Ay buried his young predecessor, as depicted on the wall of Tutankhamun's burial chamber. The explicit depiction of a succeeding king conducting the "Opening of the Mouth" ceremony of another is unique; the depictions are usually more generic.<ref name="dodson 2018 94">{{cite book |last1=Dodson |first1=Aidan |title=Amarna sunset : Nefertiti, Tutankhamun, Ay, Horemheb, and the Egyptian counter-reformation |date=2018 |publisher=The American University in Cairo Press |location=New York |isbn=978-977-416-859-8 |page=94 |edition= Revised edition}}</ref>
Ay was buried in the tomb intended for Tutankhamun in the West Valley of the Kings ([[WV23]]), and Tutankhamun was interred in Ay's intended tomb in the East Valley of the Kings ([[KV62]]).
[[File:Royal couple-MAHG 12440-IMG 9577-detail.JPG|thumb|Portrait of King Ay, on display at [[Musée d'Art et d'Histoire (Geneva)|Musée d'Art et d'Histoire of Geneva]]. Detail of a statue of the royal couple of king Ay and Queen Tey, the fragment depciting Tey being a reproduction of a piece now located at the Hermitage in Saint-Petersburg (inv 18477).]]
Prior to his death, Ay designated Nakhtmin to succeed him as pharaoh. However, Ay's succession plan went awry, as Horemheb became the last king of Egypt's 18th Dynasty instead of Nakhtmin. The fact that Nakhtmin was Ay's intended heir is strongly implied by an inscription carved on a dyad funerary statue of Nakhtmin and his spouse which was presumably made during Ay's reign. Nakhtmin is clearly given the titles "Crown Prince" ([[Iry-pat| jrj-pꜥt]]) and "King's Son" ([[wikt:zꜣ-nswt|zꜣ-nswt]]).<ref>Wolfgang Helck, Urkunden der 18. Dynastie: Texte der Hefte 20-21 (Berlin: Akademie-Verlag, 1984), pp. 1908–1910</ref> The only conclusion which can be drawn here is that Nakhtmin was either a son or an adopted son of Ay's, and that Ay was grooming Nakhtmin for the royal succession instead of Horemheb. Egyptologists Aidan Dodson and Dyan Hilton observe that the aforementioned statue:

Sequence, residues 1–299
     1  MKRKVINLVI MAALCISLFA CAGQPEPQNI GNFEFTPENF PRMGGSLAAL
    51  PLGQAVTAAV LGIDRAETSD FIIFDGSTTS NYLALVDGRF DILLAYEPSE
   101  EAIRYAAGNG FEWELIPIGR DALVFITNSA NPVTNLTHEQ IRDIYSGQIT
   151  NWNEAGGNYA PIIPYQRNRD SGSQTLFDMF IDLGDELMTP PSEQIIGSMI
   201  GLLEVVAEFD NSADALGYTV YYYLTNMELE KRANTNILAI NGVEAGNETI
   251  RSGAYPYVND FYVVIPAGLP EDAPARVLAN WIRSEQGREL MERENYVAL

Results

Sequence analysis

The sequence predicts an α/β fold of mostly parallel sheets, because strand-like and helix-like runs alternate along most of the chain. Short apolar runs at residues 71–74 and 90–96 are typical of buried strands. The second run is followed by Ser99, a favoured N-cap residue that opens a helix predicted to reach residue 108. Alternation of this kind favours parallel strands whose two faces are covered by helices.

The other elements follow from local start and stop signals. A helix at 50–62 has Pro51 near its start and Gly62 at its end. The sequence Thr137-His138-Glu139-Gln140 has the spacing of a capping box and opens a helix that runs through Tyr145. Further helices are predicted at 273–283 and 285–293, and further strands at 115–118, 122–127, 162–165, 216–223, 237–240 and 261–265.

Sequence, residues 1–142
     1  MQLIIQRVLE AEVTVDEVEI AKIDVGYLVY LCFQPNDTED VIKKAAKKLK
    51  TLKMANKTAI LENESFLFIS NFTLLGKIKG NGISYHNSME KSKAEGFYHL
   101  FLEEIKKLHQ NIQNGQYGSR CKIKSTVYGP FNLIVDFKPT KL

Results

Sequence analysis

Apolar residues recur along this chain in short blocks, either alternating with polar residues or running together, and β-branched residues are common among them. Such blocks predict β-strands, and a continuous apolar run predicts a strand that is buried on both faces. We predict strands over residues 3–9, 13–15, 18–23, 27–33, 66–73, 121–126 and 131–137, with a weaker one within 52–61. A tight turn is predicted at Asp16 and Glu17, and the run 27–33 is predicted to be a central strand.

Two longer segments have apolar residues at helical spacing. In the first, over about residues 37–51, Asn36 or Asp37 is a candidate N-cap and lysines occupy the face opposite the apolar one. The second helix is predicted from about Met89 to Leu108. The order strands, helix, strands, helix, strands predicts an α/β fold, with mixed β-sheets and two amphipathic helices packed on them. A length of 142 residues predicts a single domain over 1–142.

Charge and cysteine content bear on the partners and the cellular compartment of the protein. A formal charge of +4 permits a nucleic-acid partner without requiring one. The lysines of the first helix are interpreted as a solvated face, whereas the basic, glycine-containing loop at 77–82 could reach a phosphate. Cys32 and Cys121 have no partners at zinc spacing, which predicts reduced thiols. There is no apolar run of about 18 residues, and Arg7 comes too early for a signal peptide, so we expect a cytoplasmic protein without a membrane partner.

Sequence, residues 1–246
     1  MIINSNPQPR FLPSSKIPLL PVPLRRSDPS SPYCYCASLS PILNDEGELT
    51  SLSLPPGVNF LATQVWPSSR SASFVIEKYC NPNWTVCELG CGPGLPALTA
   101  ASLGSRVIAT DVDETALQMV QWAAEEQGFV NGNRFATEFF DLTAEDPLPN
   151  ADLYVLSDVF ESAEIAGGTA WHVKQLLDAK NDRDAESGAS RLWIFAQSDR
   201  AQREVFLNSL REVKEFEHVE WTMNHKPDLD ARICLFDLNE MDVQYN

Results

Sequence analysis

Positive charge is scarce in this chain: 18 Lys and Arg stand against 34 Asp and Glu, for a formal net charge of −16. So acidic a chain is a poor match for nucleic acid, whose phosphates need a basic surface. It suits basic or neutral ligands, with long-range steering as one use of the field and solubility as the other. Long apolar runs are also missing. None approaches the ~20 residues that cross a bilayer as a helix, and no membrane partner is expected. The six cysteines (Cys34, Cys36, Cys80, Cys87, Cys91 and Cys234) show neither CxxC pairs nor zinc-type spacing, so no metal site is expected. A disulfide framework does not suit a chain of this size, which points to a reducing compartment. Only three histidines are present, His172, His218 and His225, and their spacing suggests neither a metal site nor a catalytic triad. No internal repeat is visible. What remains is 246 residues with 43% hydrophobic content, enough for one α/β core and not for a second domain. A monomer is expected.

{{quote|... is broken after the signs for "King's Son of", and there has been considerable debate as to whether it continued to say "Kush", making Nakhtmin a Viceroy of Nubia, or "of his body", making him an actual royal son. Since there is no other evidence for Nakhtmin as a Viceroy—with another man [Paser I][http://euler.slu.edu/Dept/Faculty/bart/egyptianhtml/kings%20and%20Queens/Viceroy_of_Kush_(or_Nubia).html] attested in office at this period as well—the latter suggestion seems the most likely. As Nakhtmin donated items to the burial of Tutankhamun without such a title, it follows that he only became a King's Son subsequently, presumably under Ay. This theory is supported by the evidence of intentional damage to Nakhtmin's statue, since Ay was amongst the Amarna pharaohs whose memories were execrated under later rulers.<ref>Aidan Dodson & Dyan Hilton, The Complete Royal Families of Ancient Egypt, Thames & Hudson, (2004), p. 151</ref>}}
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==Further reading==